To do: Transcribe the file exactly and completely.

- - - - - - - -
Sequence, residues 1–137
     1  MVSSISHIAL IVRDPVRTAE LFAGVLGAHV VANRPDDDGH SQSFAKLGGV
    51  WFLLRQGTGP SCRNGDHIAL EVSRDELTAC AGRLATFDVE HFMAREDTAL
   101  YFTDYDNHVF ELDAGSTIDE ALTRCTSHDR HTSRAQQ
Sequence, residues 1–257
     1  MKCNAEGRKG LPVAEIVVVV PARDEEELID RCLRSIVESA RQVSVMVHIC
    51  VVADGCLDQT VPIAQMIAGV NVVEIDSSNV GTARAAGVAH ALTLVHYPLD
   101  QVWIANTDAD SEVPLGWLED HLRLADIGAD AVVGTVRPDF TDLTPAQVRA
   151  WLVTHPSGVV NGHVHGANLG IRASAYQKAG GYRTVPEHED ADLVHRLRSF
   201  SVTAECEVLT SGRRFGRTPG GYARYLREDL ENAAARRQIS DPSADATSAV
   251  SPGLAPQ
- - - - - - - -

Sequence, residues 1–137
     1  MVSSISHIAL IVRDPVRTAE LFAGVLGAHV VANRPDDDGH SQSFAKLGGV
    51  WFLLRQGTGP SCRNGDHIAL EVSRDELTAC AGRLATFDVE HFMAREDTAL
   101  YFTDYDNHVF ELDAGSTIDE ALTRCTSHDR HTSRAQQ
Sequence, residues 1–257
     1  MKCNAEGRKG LPVAEIVVVV PARDEEELID RCLRSIVESA RQVSVMVHIC
    51  VVADGCLDQT VPIAQMIAGV NVVEIDSSNV GTARAAGVAH ALTLVHYPLD
   101  QVWIANTDAD SEVPLGWLED HLRLADIGAD AVVGTVRPDF TDLTPAQVRA
   151  WLVTHPSGVV NGHVHGANLG IRASAYQKAG GYRTVPEHED ADLVHRLRSF
   201  SVTAECEVLT SGRRFGRTPG GYARYLREDL ENAAARRQIS DPSADATSAV
   251  SPGLAPQ